Monday, February 13, 2006

Prebyterian Outlook: Belhar Confession: Does it speak To PC(USA)’s challenges?

Belhar Confession: Does it speak To PC(USA)’s challenges?:
(free registration required)
Leslie Scanlon, Outlook national reporter

"During the Sunday morning coffee hour, the Confession of Belhar probably isn’t at the top of the conversation list.

It’s not in the Book of Confessions of the Presbyterian Church (U.S.A), so lots of Presbyterians have probably never read it.

But this confession – adopted in 1986 in South Africa during the heart of the struggle over apartheid – is beginning to draw renewed interest among Reformed Christians in the United States and internationally. South African churches have been urging the rest of the world to read it for years, saying it has a message Christians need to hear.

For while it was written in a particular time and place, its themes are unity, reconciliation and justice – exactly, some contend, the issues confronting American churches in the 21st century...."

While the Confession of Belhar is not as all-purpose as the Apostle's Creed or Nicene Creed, nor as comprehensive as the Westminster Confession, it's focus on unity and equality makes it worth reading.

It may not warrant a space in our Book of Confessions, but there are many documents that have not attained "official" confessional status for the PC(USA), but are useful nonetheless. The Confession of Belhar, while not as well-known as other confessions, is certainly in this category.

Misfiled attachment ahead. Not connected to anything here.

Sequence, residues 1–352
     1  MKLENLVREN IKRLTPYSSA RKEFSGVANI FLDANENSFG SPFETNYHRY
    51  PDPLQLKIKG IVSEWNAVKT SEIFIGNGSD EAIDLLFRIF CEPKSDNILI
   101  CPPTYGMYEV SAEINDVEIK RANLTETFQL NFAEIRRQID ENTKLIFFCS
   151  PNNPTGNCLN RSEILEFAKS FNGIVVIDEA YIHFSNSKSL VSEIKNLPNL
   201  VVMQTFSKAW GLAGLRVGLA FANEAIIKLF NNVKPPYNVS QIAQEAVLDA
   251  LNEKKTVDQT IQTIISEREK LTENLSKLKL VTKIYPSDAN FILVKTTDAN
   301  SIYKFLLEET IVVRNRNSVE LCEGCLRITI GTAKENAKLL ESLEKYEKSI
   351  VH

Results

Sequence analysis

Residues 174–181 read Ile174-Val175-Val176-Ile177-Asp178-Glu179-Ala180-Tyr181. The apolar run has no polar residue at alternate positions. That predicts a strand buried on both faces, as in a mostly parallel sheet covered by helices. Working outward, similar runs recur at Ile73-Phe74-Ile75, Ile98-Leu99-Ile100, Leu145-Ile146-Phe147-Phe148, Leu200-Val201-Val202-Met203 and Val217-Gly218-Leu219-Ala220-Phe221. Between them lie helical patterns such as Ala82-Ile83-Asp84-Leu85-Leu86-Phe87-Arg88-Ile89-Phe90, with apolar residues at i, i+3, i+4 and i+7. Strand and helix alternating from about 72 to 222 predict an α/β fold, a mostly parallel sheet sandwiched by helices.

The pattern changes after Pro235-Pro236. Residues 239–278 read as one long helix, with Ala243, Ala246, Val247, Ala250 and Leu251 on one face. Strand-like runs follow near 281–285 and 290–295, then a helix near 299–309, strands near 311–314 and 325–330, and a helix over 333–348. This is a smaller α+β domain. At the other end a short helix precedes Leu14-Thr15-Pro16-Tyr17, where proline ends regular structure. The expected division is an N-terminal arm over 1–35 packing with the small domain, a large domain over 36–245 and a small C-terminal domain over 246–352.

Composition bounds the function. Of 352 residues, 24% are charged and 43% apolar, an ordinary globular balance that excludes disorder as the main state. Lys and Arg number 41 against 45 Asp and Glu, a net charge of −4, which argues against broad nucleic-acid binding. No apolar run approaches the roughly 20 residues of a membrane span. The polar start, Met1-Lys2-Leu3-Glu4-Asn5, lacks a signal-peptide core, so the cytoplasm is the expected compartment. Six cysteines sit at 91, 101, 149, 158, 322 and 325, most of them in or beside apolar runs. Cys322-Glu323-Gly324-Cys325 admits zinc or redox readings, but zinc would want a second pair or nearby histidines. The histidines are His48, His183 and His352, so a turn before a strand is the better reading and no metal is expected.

Gruntled said...

I think the fact that we have a whole book of confessions means that we do not have any confession. I am all for discussing Belhar, as we do other historic confessions, but to have a confessional constitution, we really need one, or one official harmony of the confessions.

Denis Hancock said...

I hadn't quite looked at the Book of Confessions in that light, but you do have a point.

There was a time when the Westminster Confession and its catechisms were the sole confessional standard, but my memory does not go back that far. I barely remember the ruckus over the Confession of 1967, and I understand that was when the Book of Confessions came into being for the UPCUSA. So basically I don't remember a church without multiple confessions.

Having said that, I use the Apostle's Creed as my personal confession of faith as it is short and succinct.

Beyond that, I see the confessions as "snapshots" of the Church at a given point in time, reflecting the issues that were important to the people at the time. Would I use the language of the Scots Confession to characterize Catholics? Hardly. But the Scots Confession does highlight differences in doctrine that were significant at the time.

I'll have to admit tht I have not done a line for line studiy of all the confessions, but I HAVE read them all. And I am guided by them. They represent "a reliable exposition of what Scripture leads us to believe and do"

Unfortunately many have chosen to view the Book of Confessions as a menu from which to order a la carte, and I suspect that few elders and even fewer members have familiarized themselves with what they say. Officer training should spend more time on the confessions.